- Toward a History of Feminism, Art, and Social Movements in the United States
Enemies of women's liberation in the art world must be met with a more coherent front. A group that is locally effective can be doubly powerful if it synchronizes its actions with those of other groups across the country. We can gain from each other's experiences and make more headway together if we are aware of each other's activities in time to echo or support them.WEB, no. 1
With that call to arms West East Bag (WEB), an International Liaison Network for Women Artists, began in September of 1971.1 One contemporaneous description of the women's liberation movement in the United States described it as "linked only by the numerous journals, newsletters and cross country travelers."2 WEB, a "bicoastal national organizing tool and newsletter that networked women artists nationally, encouraging the creation of registries and protests in other cities," created those connections for feminist artists outside the art world centers of New York and Los Angeles.3 In recent years, while there has been a sharp increase in scholarly interest in feminist art, WEB seldom garners more than a brief mention.4 However, as Mary Garrard notes, in the single most important study thus far of feminist art as a social movement, "the story of feminist networks and organizations in the visual artists is . . . a chapter in the larger women movement."5 Garrard's essay briefly traces a number of themes over the course of the 1970s from a personal perspective, but she notes the need, which I hope to address in this essay, for "a case study of the complicated dynamic of political movements and social progress" that resulted in a feminist art movement that existed well beyond New York and Los Angeles.6
In exploring feminist art as a social movement, I draw on a framework recently proposed by Rebecca Kolins Givan, Kenneth M. Roberts, and Sarah A. [End Page 22] Soule, who suggest that "the mechanisms of diffusion are best understood by examining the activist networks, organizational brokers, and communication channels that facilitate the spread" of a movement.7 Diffusion, the way that aspects of a social movement spread, is a complex process involving several key areas of inquiry, including content, processes, and impact.8 The content of diffusion involves not only the ideology of a social movement but also strategies for activism. Diffusion occurs in several ways. Relational mechanisms are interpersonal, while nonrelational mechanisms connect activists without relying on personal contact. Finally, mediated mechanisms involve a third party that connects activists. Determining the impact of diffusion involves questions about not only the spread of social movements but also the changes and consequences of that process.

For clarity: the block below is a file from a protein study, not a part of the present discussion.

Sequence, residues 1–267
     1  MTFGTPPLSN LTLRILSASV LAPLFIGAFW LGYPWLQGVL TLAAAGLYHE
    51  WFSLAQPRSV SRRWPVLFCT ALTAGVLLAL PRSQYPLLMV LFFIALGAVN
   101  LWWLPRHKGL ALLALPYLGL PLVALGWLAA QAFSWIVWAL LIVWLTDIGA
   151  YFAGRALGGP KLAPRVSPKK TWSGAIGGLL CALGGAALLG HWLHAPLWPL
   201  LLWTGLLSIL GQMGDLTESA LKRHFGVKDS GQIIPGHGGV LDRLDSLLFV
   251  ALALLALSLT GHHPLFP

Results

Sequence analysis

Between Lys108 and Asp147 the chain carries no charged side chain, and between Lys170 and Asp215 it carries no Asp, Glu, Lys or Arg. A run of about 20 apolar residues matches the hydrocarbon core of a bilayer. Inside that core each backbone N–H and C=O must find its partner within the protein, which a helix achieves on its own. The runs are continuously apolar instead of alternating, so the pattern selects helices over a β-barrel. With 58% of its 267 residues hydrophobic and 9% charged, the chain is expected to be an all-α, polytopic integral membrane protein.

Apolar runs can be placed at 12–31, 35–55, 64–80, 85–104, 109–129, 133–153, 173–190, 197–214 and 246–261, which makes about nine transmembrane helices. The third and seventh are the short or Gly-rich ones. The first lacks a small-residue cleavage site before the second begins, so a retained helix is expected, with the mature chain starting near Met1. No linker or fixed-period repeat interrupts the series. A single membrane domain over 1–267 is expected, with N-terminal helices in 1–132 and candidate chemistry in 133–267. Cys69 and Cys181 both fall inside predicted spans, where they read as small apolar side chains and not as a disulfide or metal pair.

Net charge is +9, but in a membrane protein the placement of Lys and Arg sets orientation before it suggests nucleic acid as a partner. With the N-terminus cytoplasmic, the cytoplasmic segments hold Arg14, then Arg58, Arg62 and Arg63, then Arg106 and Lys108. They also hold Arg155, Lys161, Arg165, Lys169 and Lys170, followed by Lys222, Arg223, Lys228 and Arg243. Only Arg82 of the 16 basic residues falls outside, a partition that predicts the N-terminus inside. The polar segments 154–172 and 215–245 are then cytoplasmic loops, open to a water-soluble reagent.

Using a diffusion framework to explore the role of WEB reveals that the feminist art movement was as much a social movement as it was an aesthetic movement. Diffusion theory clarifies the ways the feminist art movement drew on the women's liberation movement to shape its message and organizational forms. Exploring the impact of diffusion on the feminist art movement makes clear, following Benita Roth's work on intersectionality, both the context of the choices made by feminist art activists and their long-term consequences.
While diffusion theory is one of the most valuable ways of approaching the study of social movements, applying it to the feminist art movement is difficult at times.9 Pinpointing the origins of WEB illustrates how difficult it can be to track diffusion in a nascent social movement. WEB began with eight representatives in three cities (New York, Los Angeles, and Chicago) and three countries (England, Canada and Germany).10 How various women came to be involved is not as clear. One account claims that Lucy Lippard, a New York art critic and member of several New York women's art groups, and Miriam Schapiro and Judy Chicago, artists and founders of feminist art education programs in Los Angeles, hatched the plan for WEB in April of 1971 after a visit to 26 Women Artists, an exhibition curated by Lippard.11 Another version adds the New York art critic Grace Glueck to the...